Secret Mexican Diary Tells Story Of Brutal Torture At The Hands Of Spanish Inquisition
"The inquisitors forced him to listen as they tortured his friends, his sisters, and his mother in the cell next to his."
For hundreds of years, the secret diaries of Luis de Carvajal were kept in Mexico's National Archives. But in 1932, they disappeared. The diaries were missing for more than 80 years...until they were recently rediscovered.
Luis' secret diaries, miniature manuscripts with almost microscopic handwriting, reveal the details of his life and his final days, agonizing days at the hands of the Spanish Inquisition.
Luis came to Mexico with his extended family in the late 1500s when his uncle was appointed governor of the Nuevo Reino de León in northeastern México.
Although his uncle was Catholic, Luis and his family were Jews. Persecuted in Spain, they escaped to the religious freedom and opportunity of the Americas.
But soon, the Spanish Inquisition brought their campaign of terror to Mexico.
Although relatives encouraged Luis to convert Catholicism for his own safety, he stuck to his faith. In 1589, he and his mother and sisters were outed as Jews and arrested. His uncle was stripped of his governorship and died in prison.
But Luis would not give up his faith. He continued practicing underground, becoming a leader in the secret Jewish community.
It was a matter of time before the inquisitors caught up with him. This time, they tortured him.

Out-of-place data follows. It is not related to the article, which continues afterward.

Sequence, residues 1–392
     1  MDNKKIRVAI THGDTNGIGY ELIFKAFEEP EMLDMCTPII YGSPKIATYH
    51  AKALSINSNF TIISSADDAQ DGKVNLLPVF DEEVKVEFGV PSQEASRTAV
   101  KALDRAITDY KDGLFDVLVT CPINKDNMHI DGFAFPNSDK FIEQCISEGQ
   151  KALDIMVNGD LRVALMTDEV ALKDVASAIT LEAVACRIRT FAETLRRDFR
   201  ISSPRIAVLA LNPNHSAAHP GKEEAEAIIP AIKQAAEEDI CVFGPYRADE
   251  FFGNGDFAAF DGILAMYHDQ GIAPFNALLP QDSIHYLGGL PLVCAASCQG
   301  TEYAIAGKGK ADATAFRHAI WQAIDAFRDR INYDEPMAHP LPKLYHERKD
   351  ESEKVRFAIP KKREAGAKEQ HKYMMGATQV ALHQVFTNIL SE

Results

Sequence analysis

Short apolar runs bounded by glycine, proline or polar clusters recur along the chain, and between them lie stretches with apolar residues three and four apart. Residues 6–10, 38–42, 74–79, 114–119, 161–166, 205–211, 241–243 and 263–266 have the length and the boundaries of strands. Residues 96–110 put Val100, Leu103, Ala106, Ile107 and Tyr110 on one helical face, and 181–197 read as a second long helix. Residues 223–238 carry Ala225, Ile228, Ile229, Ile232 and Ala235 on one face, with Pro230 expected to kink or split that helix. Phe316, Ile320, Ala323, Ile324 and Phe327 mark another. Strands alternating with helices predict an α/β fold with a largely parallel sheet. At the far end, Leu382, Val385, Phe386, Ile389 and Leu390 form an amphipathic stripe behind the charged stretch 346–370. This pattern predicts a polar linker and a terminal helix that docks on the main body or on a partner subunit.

The medieval torture devices used by the Spanish Inquisition were brutal, designed by sadists to cause excruciating pain and slow, gruesome death.
They tortured Luis so badly that he gave up the names of 120 other secret Jews, including his mother and sisters.
The inquisitors forced him to listen as they tortured his friends, his sisters, and his mother in the cell next to his. In his diaries, Luis writes of hearing his mother's screams as she was pulled on the rack. He tried to commit suicide.
Ultimately, he and his family were burned alive in the public square, as an example to others. He was 30 years old.
Throughout his persecution and torture, Luis wrote prayers and poetry in his diaries, including El modo de resar, a guide to prayer for himself and fellow Jews in Mexico.
His memoirs are cherished by modern Mexican Jews because Luis kept his faith in the face of unimaginable suffering.
The missing manuscripts recently resurfaced at an auction. Baltazar Brito, the director of the National Library of Anthropology and History in Mexico, was one of the experts sent to examine the manuscripts, which were being called "replicas."
"When I got there, something told me they were originals, I knew it in my heart."
The memoirs, which are now kept in a special vault at the National Library of Anthropology and History in Mexico, are valuable cultural artifacts, not just for Mexicans or Mexican Jews, but for the world at large. They tell a story of brutal religious intolerance that cannot be allowed to happen again.